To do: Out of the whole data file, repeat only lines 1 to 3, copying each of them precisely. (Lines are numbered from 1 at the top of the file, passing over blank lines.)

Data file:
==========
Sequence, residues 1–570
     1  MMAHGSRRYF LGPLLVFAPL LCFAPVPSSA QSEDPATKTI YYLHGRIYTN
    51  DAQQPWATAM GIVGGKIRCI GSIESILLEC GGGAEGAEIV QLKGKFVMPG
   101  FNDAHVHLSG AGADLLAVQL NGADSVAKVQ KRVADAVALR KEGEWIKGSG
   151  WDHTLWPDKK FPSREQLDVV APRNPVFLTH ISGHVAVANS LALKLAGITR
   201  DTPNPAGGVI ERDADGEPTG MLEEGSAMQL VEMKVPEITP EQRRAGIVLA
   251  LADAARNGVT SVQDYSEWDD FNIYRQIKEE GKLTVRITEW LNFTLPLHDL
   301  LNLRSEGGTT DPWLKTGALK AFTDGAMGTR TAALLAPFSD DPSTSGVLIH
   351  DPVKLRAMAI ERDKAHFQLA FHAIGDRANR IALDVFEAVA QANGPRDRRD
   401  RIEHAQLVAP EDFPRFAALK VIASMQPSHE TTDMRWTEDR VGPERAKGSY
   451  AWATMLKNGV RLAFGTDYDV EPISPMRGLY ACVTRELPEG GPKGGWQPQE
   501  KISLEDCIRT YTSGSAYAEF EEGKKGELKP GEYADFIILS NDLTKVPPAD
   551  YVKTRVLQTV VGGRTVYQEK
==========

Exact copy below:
Sequence, residues 1–570
     1  MMAHGSRRYF LGPLLVFAPL LCFAPVPSSA QSEDPATKTI YYLHGRIYTN
    51  DAQQPWATAM GIVGGKIRCI GSIESILLEC GGGAEGAEIV QLKGKFVMPG